CFPB Acting Director Warns of Enforcement on ‘Ability to Repay’ and Residential Evictions
In two recent communications, the Consumer Financial Protection Bureau (CFPB or Bureau) acting director is signaling that the Bureau will vigorously enforce against consumers harmed by short-term lenders that fail to underwrite loans based on the borrowers’ ability to repay them.
We discuss what happened and why it matters below.
Payday Rule. In November 2017, the Bureau published a final rule (2017 Final Rule) that established various consumer protections for payday loans, vehicle title loans and certain high-cost installment loans, pursuant to Title X of Dodd-Frank. The 2017 Final Rule addressed a number of issues, including two discrete provisions concerning payment, the first of which (mandatory underwriting) is relevant here.
Although the 2017 Final Rule was set to take partial effect in January 2018, the CFPB (then led by Acting Director Mick Mulvaney) issued a statement on the effective date announcing its intention to engage in rulemaking to reconsider the 2017 Final Rule, and a lawsuit filed in Texas federal court sought, successfully, to enjoin the rule pending the outcome of trial. Thereafter, in February 2019, the CFPB issued a notice of proposed rulemaking to revoke the mandatory underwriting provisions.
In July 2020, under then-Director Kathy Kraninger, the CFPB issued its 2020 Final Rule, which we analyzed at the time here. The most discussed provision in the 2017 Final Rule was the provision that deemed it an unfair and abusive practice for a lender to make a covered short-term loan or a covered longer-term balloon-payment loan without reasonably determining that the applicant had an ability to repay the loan according to its terms. This provision has been excised by the 2020 Final Rule, largely because of fears that it would entirely cut off a particularly vulnerable—and often unbanked—group from the credit market, leaving them with nowhere to turn when in need of emergency funds.
With the return to a Democratic administration, the old CFPB leadership is gone. On March 23, 2021, CFPB Acting Director Dave Uejio has now blogged that the Bureau “is particularly concerned with any lender’s business model that is dependent on consumers’ inability to repay their loans.” Wrote Uejio, “[o]ne in five payday loans and one in three vehicle title loans ended in default, even including periods of reborrowing. And one in five vehicle title loan borrowers ended up having their car or truck seized by the lender. That is real harm to real people.”
So what does the CFPB intend to do about it? Says Uejio, the “Bureau continues to believe that ability to repay is an important underwriting standard” and “will use the authority provided by Congress to address these harms, including through vigorous market monitoring, supervision, enforcement and, if appropriate, rulemaking.”
Evictions. On March 29, 2021, Uejio joined with Federal Trade Commission (FTC) acting chair Rebecca Slaughter to warn lenders and investors against conducting residential evictions in contravention of the eviction moratorium. In their joint statement, the CFPB and FTC acting heads warned landlords, eviction management services and, most interestingly here, private equity firms against conducting such prohibited evictions. Given that a number of private equity firms have mortgage lenders and servicers in their portfolios, this reference was hard to miss. Of particular note, the joint statement likewise notes that the staffs of both agencies would be investigating practices, and may view actions as deceptive and unfair practices in violation of the FTC Act and the Fair Debt Collection Practices Act, the latter provision of which would not apply to private equity firms per se but to their portfolio companies that qualify as “debt collectors” under the statute.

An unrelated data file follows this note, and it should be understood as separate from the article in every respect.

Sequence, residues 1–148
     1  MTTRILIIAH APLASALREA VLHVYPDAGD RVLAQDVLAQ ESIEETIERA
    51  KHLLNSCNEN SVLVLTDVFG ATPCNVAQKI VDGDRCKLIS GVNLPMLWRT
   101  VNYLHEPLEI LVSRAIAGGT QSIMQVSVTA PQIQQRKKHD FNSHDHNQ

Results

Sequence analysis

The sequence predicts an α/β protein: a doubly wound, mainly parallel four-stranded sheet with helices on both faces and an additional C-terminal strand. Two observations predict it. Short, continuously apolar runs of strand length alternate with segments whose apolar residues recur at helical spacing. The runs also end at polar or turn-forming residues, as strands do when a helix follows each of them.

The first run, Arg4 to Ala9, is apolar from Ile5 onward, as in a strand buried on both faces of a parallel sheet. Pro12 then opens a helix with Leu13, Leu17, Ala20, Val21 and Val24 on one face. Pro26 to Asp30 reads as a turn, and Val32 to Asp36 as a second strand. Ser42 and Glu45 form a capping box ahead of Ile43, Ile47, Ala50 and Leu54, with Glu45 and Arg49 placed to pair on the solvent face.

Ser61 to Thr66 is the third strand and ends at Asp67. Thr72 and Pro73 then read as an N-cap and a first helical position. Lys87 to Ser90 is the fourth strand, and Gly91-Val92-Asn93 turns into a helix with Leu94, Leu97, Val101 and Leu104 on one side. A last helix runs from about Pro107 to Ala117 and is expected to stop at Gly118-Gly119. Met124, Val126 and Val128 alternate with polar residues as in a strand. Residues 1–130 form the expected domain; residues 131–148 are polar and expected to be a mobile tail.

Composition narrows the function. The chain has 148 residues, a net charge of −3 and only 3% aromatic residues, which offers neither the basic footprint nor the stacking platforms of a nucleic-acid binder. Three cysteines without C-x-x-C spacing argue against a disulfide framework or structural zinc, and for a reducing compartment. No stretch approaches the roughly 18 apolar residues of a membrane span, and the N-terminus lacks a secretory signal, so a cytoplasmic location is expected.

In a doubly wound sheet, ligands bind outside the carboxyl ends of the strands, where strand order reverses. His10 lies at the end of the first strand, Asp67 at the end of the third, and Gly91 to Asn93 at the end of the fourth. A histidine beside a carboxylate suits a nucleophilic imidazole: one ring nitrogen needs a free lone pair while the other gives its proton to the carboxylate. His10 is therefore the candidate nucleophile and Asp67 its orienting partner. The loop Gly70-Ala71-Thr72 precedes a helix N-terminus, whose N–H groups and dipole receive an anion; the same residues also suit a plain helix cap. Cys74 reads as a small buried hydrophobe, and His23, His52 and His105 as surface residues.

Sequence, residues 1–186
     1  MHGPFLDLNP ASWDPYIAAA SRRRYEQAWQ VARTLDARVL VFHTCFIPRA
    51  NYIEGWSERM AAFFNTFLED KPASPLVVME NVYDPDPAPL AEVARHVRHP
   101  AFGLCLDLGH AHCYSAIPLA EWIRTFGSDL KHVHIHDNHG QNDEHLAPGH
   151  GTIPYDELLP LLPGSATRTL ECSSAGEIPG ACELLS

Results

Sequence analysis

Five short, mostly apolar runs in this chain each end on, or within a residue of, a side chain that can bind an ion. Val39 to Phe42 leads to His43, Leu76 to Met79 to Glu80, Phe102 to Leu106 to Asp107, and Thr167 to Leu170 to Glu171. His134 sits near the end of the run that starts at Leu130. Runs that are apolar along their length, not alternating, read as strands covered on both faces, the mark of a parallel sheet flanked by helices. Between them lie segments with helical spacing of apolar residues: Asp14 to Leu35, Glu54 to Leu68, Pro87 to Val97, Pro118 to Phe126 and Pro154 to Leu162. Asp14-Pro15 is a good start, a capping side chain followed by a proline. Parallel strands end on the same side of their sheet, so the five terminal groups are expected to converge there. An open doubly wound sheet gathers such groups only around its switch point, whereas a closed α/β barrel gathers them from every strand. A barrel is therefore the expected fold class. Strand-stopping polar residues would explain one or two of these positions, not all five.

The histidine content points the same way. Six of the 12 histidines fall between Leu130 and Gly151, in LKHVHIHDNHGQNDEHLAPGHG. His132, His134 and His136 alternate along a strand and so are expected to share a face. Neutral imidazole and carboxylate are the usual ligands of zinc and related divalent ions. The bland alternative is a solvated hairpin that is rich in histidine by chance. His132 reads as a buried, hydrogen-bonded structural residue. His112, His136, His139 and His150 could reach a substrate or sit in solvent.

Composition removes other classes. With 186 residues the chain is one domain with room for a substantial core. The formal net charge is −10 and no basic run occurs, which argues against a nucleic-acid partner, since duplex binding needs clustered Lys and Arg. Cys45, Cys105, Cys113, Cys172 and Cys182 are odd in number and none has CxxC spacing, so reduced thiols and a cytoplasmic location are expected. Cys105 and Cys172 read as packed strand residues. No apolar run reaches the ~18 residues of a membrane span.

Why It Matters
In prior years, the CFPB, under directors Kraninger and Mulvaney, pointedly abandoned regulation by enforcement, arguing that regulated entities were entitled, first, to formal regulation. Uejio’s actions, whether by blog post or press release, are about the only advance warning that lenders may see from this version of the CFPB as it potentially moves back into a “regulation by enforcement” mode.
This is particularly troubling in both these recent pronouncements. For example, on short-term lending, after two separate predecessors rejected inclusion of “ability to repay,” it is hard to argue that the CFPB somehow “continues to believe” the opposite, as Uejio suggests here. Moreover, the blog appears to warn of aggressive pre-rulemaking enforcement, whether or not the current rule includes such requirements.
With respect to the eviction announcement, the announcement timing is curious in light of the Sixth Circuit ruling holding that the eviction moratorium is itself improper because the Centers for Disease Control and Prevention lacked the authority to extend it. We report on that ruling here.